The management of vulnerable patients with VTE was a theme running throughout ESC 2022, being the subject of several presentations. Amol Dhamane (Lawrenceville, USA) demonstrated that patients with pancreatic cancer (N=995) were far more likely to receive LMWH (52.9%) and less likely to receive a direct-acting oral anticoagulant (DOAC) (25.7%) than patients with other cancers such as prostate (N=849; LMWH 18.8%, DOAC 54.5%) and breast (N=1197; LMWH 21.8%, DOAC 53.5%) following a VTE.7
Patients with AF and multiple comorbidities including diabetes and impaired renal function are at an increased risk of stroke compared to patients with AF alone
AF, atrial fibrillation
Professor Craig Coleman was called on to provide expert commentary on the link between chronic kidney disease (CKD), diabetes and risk in patients with AF. He illustrated that patients with diabetes and CKD experience a benefit from treatment with a NOAC, both in terms of stroke prevention and reduction in major bleeding versus vitamin K antagonists (VKAs), and the presence of these comorbidities should not dissuade clinicians from using them.8,9 The increased rate of adverse kidney outcomes in patients taking warfarin was highlighted, with data from XARENO10 (N=807) and RIVA-DM8 (N=83,182) showing that we can mitigate this issue by using a NOAC, resulting in a 60% lower likelihood of progression to stage V CKD and a 92% reduction in the likelihood of needing renal replacement therapy.
The panel discussed real-world data showing improved kidney outcomes in patients with NVAF receiving rivaroxaban vs VKA
*eGFR/CrCl 15–49 ml/min. #The primary endpoint of composite outcome of >40% decrease in eGFR from baseline, eGFR <15 ml/min, need for dialysis, renal transplant, major adverse limb event, retinopathy or death was met. (HR=0.93; 95% CI 0.91–0.95)
CI, confidence interval; CrCl, creatine clearance; HR, hazard ratio; NVAF, non-valvular atrial fibrillation; VKA, vitamin K antagonist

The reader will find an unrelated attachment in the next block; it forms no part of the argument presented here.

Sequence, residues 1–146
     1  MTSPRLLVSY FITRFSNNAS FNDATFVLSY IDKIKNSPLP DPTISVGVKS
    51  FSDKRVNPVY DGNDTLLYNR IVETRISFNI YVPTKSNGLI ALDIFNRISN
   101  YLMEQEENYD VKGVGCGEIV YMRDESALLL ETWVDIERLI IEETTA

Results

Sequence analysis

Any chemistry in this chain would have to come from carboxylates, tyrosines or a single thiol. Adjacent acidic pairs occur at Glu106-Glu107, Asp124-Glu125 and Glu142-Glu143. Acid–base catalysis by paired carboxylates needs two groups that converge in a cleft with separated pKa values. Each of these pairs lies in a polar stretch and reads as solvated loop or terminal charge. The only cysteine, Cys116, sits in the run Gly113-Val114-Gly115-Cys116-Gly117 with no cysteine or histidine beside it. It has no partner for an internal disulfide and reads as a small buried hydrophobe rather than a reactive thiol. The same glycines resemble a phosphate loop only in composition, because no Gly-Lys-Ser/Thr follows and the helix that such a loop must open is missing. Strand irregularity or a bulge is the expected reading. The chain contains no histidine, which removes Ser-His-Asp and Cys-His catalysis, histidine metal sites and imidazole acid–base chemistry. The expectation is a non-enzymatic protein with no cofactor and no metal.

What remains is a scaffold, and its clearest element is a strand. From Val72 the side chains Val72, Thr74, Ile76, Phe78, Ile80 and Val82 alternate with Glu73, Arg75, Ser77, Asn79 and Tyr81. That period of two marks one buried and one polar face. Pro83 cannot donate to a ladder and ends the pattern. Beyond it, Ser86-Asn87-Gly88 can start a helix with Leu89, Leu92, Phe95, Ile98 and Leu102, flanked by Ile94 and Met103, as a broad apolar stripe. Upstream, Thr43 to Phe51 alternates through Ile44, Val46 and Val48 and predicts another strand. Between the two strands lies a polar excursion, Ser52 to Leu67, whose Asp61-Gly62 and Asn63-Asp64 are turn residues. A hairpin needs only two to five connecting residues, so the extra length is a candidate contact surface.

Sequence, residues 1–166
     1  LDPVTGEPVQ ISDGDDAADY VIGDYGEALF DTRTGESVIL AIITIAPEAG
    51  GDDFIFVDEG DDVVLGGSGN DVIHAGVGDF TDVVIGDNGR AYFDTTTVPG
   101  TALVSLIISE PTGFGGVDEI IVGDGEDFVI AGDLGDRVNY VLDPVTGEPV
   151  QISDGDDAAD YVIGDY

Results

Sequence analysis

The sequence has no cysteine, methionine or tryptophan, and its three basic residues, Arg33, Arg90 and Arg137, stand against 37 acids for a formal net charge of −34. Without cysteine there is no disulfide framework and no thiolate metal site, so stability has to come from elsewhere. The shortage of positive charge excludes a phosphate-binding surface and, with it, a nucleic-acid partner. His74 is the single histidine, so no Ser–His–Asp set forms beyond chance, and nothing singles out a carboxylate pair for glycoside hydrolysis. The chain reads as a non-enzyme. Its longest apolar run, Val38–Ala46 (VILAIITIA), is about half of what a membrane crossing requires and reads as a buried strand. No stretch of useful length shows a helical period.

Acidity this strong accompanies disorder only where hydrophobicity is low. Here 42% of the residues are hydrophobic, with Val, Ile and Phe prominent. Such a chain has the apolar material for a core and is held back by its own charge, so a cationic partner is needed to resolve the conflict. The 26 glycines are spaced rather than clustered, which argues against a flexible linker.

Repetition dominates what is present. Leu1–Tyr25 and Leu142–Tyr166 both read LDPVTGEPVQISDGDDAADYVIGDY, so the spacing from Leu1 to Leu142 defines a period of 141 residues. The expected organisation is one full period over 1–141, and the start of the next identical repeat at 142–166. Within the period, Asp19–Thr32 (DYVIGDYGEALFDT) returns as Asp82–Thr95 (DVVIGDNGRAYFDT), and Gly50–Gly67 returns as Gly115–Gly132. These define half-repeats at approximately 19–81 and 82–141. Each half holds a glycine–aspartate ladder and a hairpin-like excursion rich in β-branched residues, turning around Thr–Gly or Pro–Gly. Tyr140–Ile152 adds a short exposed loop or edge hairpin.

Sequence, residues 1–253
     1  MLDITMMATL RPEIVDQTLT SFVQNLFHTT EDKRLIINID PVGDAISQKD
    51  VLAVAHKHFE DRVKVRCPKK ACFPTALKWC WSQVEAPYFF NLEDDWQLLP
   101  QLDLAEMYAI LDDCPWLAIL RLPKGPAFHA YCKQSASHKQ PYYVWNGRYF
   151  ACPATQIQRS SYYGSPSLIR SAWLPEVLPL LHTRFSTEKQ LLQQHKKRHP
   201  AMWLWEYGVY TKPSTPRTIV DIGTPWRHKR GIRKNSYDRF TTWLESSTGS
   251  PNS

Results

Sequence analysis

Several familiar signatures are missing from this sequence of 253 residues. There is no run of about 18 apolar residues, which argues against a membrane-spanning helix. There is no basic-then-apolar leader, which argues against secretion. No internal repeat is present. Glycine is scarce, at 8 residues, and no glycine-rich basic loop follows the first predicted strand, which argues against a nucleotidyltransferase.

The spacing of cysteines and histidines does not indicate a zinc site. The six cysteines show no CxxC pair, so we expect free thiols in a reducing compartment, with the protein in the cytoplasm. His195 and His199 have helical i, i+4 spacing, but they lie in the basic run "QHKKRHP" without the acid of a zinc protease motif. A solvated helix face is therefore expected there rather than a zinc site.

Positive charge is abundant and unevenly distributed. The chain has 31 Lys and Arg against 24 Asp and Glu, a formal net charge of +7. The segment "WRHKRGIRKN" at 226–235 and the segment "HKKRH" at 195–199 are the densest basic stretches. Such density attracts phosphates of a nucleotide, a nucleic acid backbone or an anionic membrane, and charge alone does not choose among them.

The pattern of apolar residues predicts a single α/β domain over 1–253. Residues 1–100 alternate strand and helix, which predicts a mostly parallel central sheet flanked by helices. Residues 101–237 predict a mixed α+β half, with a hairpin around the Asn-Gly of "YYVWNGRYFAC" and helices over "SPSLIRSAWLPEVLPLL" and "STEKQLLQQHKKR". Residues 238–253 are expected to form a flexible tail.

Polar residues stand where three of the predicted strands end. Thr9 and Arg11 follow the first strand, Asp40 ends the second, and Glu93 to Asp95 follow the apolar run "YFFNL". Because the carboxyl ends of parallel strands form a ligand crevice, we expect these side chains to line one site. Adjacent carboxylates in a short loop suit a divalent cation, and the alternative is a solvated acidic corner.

Other presentations at ESC 2022 also focussed on the topic of kidney disease, Giandomenico Severini (Catanzano, Italy) presented results from a prospective observational study (N=411), finding that patients with NVAF prescribed a NOAC had significant improvements (p<0.01) in multiple measurements of renal function versus VKA, despite being a higher-risk group in terms of comorbidities.11 Christopher Olesovsky (Toronto, Canada) found that the cohort captured in a retrospective database study (N=57,574) experienced a high rate of switching from warfarin to almost exclusive NOAC prescription in the period from 2012 to 2020, with those started on warfarin having a consistently lower eGFR*.12
*Disclaimer: Rivaroxaban is not indicated for primary renal benefits. Please refer to your local prescribing information for full indications and posology.
Ensuring patients derive the most benefit from anticoagulation therapy, whether they have coexisting vulnerabilities in AF, or are at a higher risk of VTE recurrence is a frequent challenge faced by clinicians. Ensuring patients are receiving the most appropriate medication at the optimal dose can help cover the extra mile, delivering the most effective treatment and protection against the complications of VTE and AF.